Thursday, July 3, 2003
Contrary to popular perception, the "Terminator" legacy is not about filmmaker James Cameron. It's not about actress Linda Hamilton, and it's certainly not about fallen star Edward Furlong.
It's all about Arnold Schwarzenegger.
"Terminator 3: Rise of the Machines" proves that when you throw the bulky Austrian into his most enduring screen role -- and have a $175 million budget to play around with -- the rest of the flick's specifics don't matter that much.
As the lone castmate to have appeared in all three films, the iconic Arnold is simply awesome in "T-3." Whether volleying between automatic weapons, being thrown through buildings or delivering deadpan lines of dialogue, he has a way of infusing a cybernetic organism with "personality."
It helps that the movie is not just a quick cash-in sequel like some of its blonde, angelic contemporaries. This is one entertaining piece of blockbuster craftsmanship. Indeed, the sci-fi effort has more sustained action than "The Hulk" and "The Matrix Reloaded" combined.
Terminator 3: Rise of the Machines ***
The 55-year-old Arnold Schwarzenegger makes a welcome return with this blockbuster sequel about more lethal cyborgs from the future hunting humans. "T-3" undeniably delivers its share of chases, fights, shoot-outs and explosions that are as well-staged as any that will make it to the screen this summer. And it expands on the nature of fate that the previous pictures explored so well.
But more importantly, this third entry seems to fit with "The Terminator" and "Terminator 2: Judgment Day" as a logical companion piece. The sequel expands on the nature of fate that the previous pictures explored so well, culminating in a rather bold third act where "saving the day" takes on a more unconventional meaning.
The plot picks up a decade after "Judgment Day" ended.
John Connor (Nick Stahl taking over for Furlong) is a drifter who "can feel the weight of the future bearing down on me." Despite no family and no ties to society, he still manages to be targeted by an assassin sent back in time to prevent him from leading a human revolt against earth's mechanized oppressors. This time the enemy is the T-X (Kristanna Loken), an icy "Terminatrix" who features onboard weapons and the ability to remote control other machines.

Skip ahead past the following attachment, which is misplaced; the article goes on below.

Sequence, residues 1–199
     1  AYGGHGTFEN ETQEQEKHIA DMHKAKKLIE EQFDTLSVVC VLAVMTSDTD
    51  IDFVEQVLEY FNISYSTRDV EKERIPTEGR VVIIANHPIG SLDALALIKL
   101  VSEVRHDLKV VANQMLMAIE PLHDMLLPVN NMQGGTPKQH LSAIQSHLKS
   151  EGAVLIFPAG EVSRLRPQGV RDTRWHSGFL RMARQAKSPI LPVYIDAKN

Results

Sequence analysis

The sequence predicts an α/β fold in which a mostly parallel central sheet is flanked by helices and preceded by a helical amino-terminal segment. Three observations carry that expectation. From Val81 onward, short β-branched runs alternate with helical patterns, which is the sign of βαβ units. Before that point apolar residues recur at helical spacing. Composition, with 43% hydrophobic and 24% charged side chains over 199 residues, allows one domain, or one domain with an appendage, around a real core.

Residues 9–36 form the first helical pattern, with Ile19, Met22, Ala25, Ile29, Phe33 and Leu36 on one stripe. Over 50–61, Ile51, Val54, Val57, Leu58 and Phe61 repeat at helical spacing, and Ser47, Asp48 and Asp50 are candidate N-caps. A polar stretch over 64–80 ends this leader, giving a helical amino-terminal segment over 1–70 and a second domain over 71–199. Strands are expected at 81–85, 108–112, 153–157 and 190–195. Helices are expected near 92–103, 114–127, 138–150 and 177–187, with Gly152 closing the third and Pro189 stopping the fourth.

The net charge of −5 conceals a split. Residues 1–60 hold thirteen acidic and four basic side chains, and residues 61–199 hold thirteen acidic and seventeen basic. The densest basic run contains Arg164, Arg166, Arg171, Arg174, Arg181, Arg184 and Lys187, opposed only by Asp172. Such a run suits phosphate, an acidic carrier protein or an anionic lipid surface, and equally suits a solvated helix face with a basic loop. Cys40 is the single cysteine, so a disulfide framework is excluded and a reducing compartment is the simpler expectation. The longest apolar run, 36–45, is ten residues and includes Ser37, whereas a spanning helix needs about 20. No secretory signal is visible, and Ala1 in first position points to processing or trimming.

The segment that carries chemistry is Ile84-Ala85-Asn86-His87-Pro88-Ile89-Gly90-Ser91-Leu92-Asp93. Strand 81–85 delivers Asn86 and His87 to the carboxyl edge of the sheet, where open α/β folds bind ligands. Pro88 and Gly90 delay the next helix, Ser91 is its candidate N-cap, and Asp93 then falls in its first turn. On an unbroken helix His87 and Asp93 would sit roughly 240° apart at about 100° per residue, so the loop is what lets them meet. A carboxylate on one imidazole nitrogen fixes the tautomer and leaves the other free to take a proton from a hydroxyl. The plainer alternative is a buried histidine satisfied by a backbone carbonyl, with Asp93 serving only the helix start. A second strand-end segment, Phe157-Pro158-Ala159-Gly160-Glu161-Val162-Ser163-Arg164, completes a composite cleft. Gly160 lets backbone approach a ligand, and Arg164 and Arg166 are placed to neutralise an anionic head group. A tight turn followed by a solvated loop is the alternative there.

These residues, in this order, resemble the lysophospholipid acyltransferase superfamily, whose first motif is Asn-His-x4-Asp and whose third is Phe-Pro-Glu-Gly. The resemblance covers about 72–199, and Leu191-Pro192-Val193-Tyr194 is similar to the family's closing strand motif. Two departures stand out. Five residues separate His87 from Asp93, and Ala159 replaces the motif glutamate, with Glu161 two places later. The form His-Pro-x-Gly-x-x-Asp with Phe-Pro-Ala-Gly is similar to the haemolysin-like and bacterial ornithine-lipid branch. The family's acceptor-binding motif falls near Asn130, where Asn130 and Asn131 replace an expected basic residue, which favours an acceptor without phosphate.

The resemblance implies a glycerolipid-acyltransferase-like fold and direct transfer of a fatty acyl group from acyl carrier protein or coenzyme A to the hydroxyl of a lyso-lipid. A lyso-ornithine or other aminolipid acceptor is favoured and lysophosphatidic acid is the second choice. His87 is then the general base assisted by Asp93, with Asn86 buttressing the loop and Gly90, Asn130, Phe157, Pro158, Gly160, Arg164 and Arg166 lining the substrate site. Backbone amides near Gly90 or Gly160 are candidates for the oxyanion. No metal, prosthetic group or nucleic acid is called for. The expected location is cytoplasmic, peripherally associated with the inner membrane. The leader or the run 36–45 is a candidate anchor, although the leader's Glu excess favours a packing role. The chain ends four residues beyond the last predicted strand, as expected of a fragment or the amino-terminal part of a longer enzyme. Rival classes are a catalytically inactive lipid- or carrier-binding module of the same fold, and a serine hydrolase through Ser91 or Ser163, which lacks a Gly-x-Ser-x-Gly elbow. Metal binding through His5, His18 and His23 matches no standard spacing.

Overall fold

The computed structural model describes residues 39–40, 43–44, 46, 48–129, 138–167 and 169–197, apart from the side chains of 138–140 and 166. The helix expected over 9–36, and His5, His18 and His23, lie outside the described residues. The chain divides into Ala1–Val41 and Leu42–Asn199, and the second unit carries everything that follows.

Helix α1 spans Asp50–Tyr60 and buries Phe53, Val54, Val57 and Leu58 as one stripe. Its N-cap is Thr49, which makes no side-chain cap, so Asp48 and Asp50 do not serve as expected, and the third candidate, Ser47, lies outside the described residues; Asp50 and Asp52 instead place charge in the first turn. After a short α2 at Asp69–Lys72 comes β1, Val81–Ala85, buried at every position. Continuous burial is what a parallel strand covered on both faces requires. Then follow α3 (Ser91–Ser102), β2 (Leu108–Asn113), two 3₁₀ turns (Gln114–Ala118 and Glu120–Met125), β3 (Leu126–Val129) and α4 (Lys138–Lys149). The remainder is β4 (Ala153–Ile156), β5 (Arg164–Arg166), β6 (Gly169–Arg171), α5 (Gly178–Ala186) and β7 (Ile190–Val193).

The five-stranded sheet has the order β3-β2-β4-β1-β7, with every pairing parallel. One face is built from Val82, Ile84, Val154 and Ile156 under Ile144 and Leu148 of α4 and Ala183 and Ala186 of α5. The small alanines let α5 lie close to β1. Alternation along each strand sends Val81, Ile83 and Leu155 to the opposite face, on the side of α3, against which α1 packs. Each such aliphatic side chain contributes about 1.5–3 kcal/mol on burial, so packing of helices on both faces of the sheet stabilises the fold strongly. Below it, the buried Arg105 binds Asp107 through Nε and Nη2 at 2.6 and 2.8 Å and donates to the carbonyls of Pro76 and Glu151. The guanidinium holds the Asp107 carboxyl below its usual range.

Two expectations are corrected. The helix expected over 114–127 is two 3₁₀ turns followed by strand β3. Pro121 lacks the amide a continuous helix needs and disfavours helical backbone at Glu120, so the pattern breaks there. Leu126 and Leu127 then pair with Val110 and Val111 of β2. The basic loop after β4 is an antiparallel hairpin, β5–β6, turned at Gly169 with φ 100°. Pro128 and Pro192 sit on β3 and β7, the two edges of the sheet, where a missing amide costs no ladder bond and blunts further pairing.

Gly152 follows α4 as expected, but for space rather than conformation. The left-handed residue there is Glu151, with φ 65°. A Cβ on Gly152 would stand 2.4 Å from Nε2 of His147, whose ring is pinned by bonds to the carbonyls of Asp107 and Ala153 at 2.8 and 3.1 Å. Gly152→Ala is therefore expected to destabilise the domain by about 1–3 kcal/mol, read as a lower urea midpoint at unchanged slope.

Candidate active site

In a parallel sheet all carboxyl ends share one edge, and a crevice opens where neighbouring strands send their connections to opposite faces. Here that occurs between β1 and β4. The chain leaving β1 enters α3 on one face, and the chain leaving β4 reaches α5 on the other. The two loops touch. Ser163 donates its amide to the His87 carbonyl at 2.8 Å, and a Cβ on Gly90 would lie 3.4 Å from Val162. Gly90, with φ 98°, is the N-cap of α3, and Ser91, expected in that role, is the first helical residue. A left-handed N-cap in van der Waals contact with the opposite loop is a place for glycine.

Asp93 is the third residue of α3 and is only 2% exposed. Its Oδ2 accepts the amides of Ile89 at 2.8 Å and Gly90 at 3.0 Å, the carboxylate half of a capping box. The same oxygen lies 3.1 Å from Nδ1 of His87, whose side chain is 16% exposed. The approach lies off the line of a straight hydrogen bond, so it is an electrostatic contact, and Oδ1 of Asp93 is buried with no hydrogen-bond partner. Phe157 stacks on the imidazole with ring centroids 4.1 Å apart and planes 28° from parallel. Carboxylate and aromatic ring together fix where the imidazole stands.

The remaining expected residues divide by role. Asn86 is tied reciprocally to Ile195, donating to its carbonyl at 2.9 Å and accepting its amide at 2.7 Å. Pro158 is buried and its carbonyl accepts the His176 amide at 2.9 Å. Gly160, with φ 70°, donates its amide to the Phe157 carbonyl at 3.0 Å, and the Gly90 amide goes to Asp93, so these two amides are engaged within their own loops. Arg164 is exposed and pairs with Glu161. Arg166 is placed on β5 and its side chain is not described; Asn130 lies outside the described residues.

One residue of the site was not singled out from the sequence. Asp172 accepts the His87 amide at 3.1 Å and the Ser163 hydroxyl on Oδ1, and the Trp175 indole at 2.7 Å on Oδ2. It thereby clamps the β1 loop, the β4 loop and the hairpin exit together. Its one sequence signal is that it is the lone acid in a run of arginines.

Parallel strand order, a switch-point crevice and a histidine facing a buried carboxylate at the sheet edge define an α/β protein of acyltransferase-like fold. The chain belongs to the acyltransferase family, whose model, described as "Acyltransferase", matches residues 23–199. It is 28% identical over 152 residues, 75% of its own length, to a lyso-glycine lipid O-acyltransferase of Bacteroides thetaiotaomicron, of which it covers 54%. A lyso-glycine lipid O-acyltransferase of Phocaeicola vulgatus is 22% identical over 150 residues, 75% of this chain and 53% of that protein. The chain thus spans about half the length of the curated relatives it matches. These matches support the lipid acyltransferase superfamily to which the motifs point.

Of course Arnold returns as the outmoded but efficient T-100 who helps protect Connor and his hostage/companion Kate (Claire Danes). Like the other films, this muscular model makes his arrival through the time portal in the nude. Only instead of immediately trouncing some victim for his clothes, he wanders into a desert bar on ladies night, and they mistake him for one of the evening's entertainers.
"Terminator 3" certainly delivers its share of visual delights, both comical and spectacular. The digital effects aren't quite as revolutionary as those unveiled in the 1991 sequel. (Remember how startling the "liquid metal" look was when it debuted?) But the conventional action scenes staged by "U-571" director Jonathan Mostow -- chases, fights, shoot-outs, explosions -- are as good as anything that will make it to the screen this summer. In fact, one gloriously over-the-top pursuit involving a fire truck and a mobile construction crane results in more vehicular mayhem than found at the Battle of the Bulge.
Nick Stahl, best known for playing the doomed college kid of "In the Bedroom" and the virulent title character in "Bully," does a decent job with the role of Connor. He doesn't exactly set the screen on fire, but he's at least comfortable as the lead.
A noticeably more mature-looking Danes has a little less ease making the transition from dramatic turns in films such as "The Hours" into big-budget, popcorn fare. Part of this clunkiness can be due to how little time her character is given to go from confused kidnap victim to let's-save-the-world heroine.
Then there's Arnold.
The 55-year-old star desperately needed a hit after such dreadful misfires as "End of Days" and "Collateral Damage." He was no doubt hopeful for a superior cinematic finale before the next step of his career ushers him into the political arena.
One of his most quoted lines from 1984's "The Terminator" was the infamous "I'll be back." The phrase has gone beyond just being a familiar sound bite and has truly burned its way into the pop culture consciousness.
Funny enough, Arnold really is back. Sci-fi and action movie fans can be grateful.